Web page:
Monday, October 18, 2010

Fall Flicks

Long ago, I did a post on Essential Summer Movies, well this time I have a list of fall films. Autumn is when I gear up (i.e., buy up a ton of used books) for winter reading season and since it's such a busy time of year, my impatient mind demands more movies than it does novels so I grab a blanket, warm up cider, and curl up with Daisy to watch a good movie.

Disclaimer: many of these films are not for the faint of heart—I'm not proud of my penchant for scary movies, but these are relatively tame compared to the vast majority of scary movies—these picks are plucked perimeter of the horror genre but be aware that they will make you jump.

1) Diabolique (or Les Diaboliques)—1954
My first choice comes from The Criterion Collection and was acknowledged as influencing Hitchcock's Psycho. This classic thriller is not as overacted as some of its 1950's constituents and more than most foreign films, this French piece has real "je na se qua" that soon makes you forget you're reading subtitles.

2) The Ghost and Mrs. Muir—1947
In terms of scares, this movie is positively child's play but I love it because it's a sweet little love story set by the sea and done in all the cheesiness and predictability as one could hope. However, Gene Tierney is absolutely gorgeous and would be as coveted an actress today as she was then for her flawless beauty and ease on camera. Probably not one for the boys, but if you loved old romances as a little girl, try it out.

3) The Haunting—1963
Director Martin Scorsese placed The Haunting first on his list of the 11 scariest horror films of all time and for good reason. This film pioneered some scare tactics no one had seen before which I will not enumerate so as not to spoil them.

"You doin' okeey there, Marge?"
"Yep, I just think I'm goin-a barf!"

The Coen Brothers added "based on a true story" at the beginning of the film despite the fact that the crimes detailed in the film are a very loose adaptation of two, unrelated Minnesota crimes (neither of which involved a certain piece of heavy machinery). Why a film taking place in North Dakota that comprises over 75 uses of the f-word and has a body count of seven works I don't know. It just does.

5) When Harry Met Sally—1989
A break from scary films, this makes the list because any script written by Nora Ephron is exquisite—it's autumnal and one of the best romantic films of all time. Fun fact: in the museum scene, Harry ad libs, "But, I would be proud to partake of your pecan pie." Sally laughs and looks to her right where Rob Reiner silently prompts her to go with it.

6) The Village—2004
In my humble opinion, this is last good movie M. Night Shyamalan did. I know many were disappointed by the explanation of the monsters but I thought that there was enough psychological depth to make it work. There's something that really works about Shyamalan's idyllic, homey setting being disrupted by unpredictable monsters; this dystopia piece just works. Fun fact: the movie was rated PG-13 when it came out into theaters only after Shyamalan agreed to omit a single sound effect that had taken the film to an R-rating right before release (wouldn't you love to know what the sound was?).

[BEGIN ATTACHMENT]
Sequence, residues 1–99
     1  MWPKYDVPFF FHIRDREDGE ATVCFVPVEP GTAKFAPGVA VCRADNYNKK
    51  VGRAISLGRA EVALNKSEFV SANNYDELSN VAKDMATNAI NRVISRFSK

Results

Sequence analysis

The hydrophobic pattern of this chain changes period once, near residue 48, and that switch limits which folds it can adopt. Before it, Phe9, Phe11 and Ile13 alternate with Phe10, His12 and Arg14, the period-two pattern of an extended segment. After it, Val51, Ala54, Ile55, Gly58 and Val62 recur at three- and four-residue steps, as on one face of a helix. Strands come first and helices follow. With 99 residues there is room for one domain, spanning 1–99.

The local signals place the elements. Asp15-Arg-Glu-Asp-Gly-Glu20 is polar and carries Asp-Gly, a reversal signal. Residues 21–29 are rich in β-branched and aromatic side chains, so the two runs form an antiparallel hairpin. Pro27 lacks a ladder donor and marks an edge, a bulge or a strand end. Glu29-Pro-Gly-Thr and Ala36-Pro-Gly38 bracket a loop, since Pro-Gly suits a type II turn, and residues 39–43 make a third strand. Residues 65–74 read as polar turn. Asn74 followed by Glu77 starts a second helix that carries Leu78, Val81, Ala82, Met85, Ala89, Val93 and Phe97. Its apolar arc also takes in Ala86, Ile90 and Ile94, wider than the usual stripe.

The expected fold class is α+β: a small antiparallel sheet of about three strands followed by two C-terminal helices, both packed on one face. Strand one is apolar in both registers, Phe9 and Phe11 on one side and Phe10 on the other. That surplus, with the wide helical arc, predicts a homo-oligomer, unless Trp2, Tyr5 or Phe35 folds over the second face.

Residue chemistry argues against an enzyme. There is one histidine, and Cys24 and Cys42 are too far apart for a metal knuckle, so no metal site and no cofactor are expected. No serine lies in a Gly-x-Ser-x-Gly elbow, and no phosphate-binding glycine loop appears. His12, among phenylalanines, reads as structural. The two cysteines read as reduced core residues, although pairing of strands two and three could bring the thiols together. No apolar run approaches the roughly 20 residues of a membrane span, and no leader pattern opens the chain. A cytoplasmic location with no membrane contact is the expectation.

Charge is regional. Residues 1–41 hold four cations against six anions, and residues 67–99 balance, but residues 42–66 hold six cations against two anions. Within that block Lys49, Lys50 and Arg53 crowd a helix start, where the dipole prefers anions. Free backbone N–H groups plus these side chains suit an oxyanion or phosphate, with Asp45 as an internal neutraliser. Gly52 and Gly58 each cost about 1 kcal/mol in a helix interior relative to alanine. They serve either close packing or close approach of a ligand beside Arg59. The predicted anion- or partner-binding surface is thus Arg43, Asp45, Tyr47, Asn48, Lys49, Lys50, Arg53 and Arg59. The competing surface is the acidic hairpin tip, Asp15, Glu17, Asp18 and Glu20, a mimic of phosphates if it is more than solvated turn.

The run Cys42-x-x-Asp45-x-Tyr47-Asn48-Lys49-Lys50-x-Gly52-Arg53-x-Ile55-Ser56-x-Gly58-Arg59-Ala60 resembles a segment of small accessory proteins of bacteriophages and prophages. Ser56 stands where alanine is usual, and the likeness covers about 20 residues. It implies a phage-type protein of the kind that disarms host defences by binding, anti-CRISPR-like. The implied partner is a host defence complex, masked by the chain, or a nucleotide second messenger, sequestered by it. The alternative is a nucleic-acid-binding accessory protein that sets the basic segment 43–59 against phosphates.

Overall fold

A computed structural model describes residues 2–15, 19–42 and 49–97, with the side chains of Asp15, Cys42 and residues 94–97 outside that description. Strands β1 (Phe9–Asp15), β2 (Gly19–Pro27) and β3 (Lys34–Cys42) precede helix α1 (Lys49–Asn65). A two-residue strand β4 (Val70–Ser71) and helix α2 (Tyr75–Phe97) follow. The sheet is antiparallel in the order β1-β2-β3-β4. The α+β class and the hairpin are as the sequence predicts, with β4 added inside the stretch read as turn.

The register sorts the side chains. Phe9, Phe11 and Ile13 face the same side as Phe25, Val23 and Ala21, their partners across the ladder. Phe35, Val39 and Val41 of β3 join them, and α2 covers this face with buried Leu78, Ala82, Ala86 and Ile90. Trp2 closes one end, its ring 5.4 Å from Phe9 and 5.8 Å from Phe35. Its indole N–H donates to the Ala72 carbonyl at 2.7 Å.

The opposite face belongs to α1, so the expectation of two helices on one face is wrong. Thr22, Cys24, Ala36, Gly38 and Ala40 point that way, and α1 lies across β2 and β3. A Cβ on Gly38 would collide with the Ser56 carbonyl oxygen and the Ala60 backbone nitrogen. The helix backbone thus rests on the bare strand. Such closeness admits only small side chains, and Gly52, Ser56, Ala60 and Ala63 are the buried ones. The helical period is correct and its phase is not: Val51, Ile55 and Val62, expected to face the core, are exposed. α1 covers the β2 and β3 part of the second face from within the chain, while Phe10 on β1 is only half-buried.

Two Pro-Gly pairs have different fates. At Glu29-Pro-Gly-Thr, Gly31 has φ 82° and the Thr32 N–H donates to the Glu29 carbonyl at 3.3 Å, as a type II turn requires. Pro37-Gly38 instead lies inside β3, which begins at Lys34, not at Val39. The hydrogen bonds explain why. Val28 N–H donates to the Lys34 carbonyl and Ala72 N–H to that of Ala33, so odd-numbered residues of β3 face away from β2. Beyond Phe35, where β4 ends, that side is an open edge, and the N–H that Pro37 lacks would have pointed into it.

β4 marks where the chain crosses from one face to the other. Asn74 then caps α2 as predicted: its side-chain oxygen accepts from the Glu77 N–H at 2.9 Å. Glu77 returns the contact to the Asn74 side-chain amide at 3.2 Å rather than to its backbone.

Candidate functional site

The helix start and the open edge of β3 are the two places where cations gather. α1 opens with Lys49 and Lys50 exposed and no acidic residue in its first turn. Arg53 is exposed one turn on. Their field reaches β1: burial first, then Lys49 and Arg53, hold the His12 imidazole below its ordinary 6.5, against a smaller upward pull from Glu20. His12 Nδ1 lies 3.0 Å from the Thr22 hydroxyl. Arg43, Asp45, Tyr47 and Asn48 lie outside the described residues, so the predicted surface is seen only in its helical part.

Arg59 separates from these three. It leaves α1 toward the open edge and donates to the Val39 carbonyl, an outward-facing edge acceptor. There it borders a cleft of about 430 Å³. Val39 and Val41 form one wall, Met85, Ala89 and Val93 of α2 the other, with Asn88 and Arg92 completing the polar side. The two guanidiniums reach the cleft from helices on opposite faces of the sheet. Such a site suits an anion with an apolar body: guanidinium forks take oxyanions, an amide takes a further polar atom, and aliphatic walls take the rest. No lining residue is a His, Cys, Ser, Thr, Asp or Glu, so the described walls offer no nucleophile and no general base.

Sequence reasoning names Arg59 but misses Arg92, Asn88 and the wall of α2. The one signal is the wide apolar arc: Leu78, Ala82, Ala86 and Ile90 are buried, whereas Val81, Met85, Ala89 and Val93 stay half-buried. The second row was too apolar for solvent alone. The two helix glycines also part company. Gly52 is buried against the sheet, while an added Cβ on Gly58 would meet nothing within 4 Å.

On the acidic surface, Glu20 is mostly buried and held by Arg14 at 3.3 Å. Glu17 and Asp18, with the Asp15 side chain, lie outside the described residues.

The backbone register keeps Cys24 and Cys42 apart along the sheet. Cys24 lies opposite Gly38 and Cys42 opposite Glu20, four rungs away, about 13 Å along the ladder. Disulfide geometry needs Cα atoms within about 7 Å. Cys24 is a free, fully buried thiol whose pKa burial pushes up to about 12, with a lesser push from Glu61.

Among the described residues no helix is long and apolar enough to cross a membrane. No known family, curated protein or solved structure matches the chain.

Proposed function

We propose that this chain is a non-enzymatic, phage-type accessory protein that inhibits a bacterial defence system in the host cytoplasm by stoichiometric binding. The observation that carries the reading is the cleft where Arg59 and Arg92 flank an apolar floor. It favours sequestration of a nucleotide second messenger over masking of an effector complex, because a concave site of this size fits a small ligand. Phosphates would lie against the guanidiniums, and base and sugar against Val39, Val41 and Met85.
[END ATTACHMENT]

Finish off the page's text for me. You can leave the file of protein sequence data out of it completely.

7) School Ties—1992
Not a scary movie either, this one's for the girls starring Matt Damon, Brandon Fraiser, Ben Affleck, and Chris O'Donnell. 'Nough said.

8) El Orfanato—2007
Guillermo del Toro is a genius and this thriller proves it. There are so many little details and elements this Spanish director includes that reward the observant viewer. It's kind of scary, not going to lie, but it's not over-the-top frightening and unlike so many other scary movies, this one actually has a plot. The thing I love about Spanish films is that you're guaranteed to see something you've never seen before on screen.

9) The Birds—1963
First, Tippi Hedren, one of Hitchock's famous icy blond leads, is absolutely stunning. I love the scenes she's in opposite Suzanne Pleshette, a feisty, warm-blooded brunette, as they make a perfect foil. Maybe that's why Hitchcock used the famous split-focus technique to capture both beauties in the scene where Mitch is on the phone with Melanie and Annie's character listens in. Tell me what you think about the musical score of the film when you finish it, I'd like to hear your thoughts (veterans to the film know what I'm talking about).

10) Whatever Happened to Baby Jane?—1962
Bette Davis and Joan Crawford, only two of the most powerhouse women ever to grace the silver screen star in this thriller about the two reclusive sisters. The very best part of this movie? Crawford and Davis hated each other with a passion that made their onscreen tension so fabulous. For example, during production, Bette Davis had a Coca-Cola machine installed on the set to anger Joan Crawford, whose late husband had been CEO of rival Pepsi-Cola and who herself was on the board of directors of that company. During the kicking scene, Bette Davis kicked Joan Crawford in the head, and the resulting wound required stitches. In retaliation, Crawford put weights in her pockets so that when Davis had to drag Crawford's near-lifeless body, she strained her back.

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